NSW Country trip: August 13-17

Thursday August 13 – Cobar

After spending the night at a caravan park (needing the safety net of power for the fridge), we moved on this morning after everything worked fine on gas overnight. We set the van up at a free camp just outside town. This is a property between crops, where the owner allows people to come camping, and, from all the reviews, even drops off firewood. In true outback style, we are surrounded by gum trees, green crops, blue skies, and red soil – and all on our own….

The photo below shows our site.

Glenhope free campsite- near Cobar

We then headed into town to learn about its history, see the attractions around that, and enjoyed nature with a bit of a hike.

Cobar started as a mining town with the discovery of copper in the late 19th century. Prior to that the district’s main trade was from the Darling River.  It became a wealthy town with the surrounding areas all benefiting from the ‘Great Cobar’ mine.  This prosperity lasted until after WW1 when demand for copper fell, the mine closed, and with it, lost 90% of Cobar’s population.  The people of Cobar are known to be hard workers, and they bounced back, and mining started up again mid 20th century.

We stopped at the Bourke Fort Lookout over the New Cobar Mine, which operates every day of the year. It, together with the Peak Mine a bit further south, produces around 25k tonnes of copper, and 100k oz of gold a year.

Cobar Mine (still working)
Memorial in Cobar
Plaque in appreciation of the hard working Cobar people.
Plaque’s inscription

Hike around the Newey Reservoir
Along the Cobar Heritage walk

Friday 14 – Monday 17 August; Cobar – Broken Hill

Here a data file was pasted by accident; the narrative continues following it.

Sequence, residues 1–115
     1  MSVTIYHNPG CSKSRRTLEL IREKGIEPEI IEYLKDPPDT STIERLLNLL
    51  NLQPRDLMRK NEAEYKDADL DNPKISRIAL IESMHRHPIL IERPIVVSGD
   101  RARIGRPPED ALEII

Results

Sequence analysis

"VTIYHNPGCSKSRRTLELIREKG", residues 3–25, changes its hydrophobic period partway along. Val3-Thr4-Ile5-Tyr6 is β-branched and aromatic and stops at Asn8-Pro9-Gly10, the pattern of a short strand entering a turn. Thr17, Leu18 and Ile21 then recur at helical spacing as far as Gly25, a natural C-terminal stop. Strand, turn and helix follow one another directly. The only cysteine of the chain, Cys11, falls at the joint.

We had hoped to do a hike at Mount Grenfell on our way west, but it was miserable weather, so we kept going.  We stopped at a free campsite just east of Wilcannia and moved on to Broken Hill where we arrived Saturday around lunchtime.

We had tried to book in to camp at the Racecourse after it was recommended however, they were full so we settled on the caravan park in town.  Not sorry, it’s a nice park with a big firepit for late afternoon social drinks and amazing brand new amenities. We have decided to stay here until Friday, as it was clear there is plenty to do and see in Broken Hill and surrounds.

Broken Hill is the outback town where the Australian mining company Broken Hill Propriety (largest mining company in the world in 2017) got started in the 1880s after a local immigrant George Rasp found what he thought to be tin, but once tested proved to be silver and zinc.  It became clear that the ground was rich with ore including lead, and the town grew bigger, as did the surrounding areas.  Broken Hill Mines eventually became the world’s largest ore producers. The miners were treated pretty miserably – some 800+ men died in the mines and today a lot of the historic evidence of these hard but booming times is on display by way of artefacts, art and the old buildings.  In 2015 all of Broken Hill was Heritage Listed, as various beautiful buildings had been demolished to make way for new (eg a multi-story garage…).

The miner’s memorial is very sobering and moving – all those killed showing their name, age, date and cause of death. Many younger men through accidents, many older (ie 40+ from lead poisening).

Miner’s memorial

We did a volunteer-guided town walk, and learnt a lot of the detailed history. 

We cycled around and visited Pro Hart’s art gallery, one of Australia’s most famous artists and who had far broader interests, skills and talents than just painting or sculpting.  He was mostly known to the average Australian for some peculiar but for him very lucrative carpet commercials back in the 80/90s.  Little did we know how talented and disciplined this man was.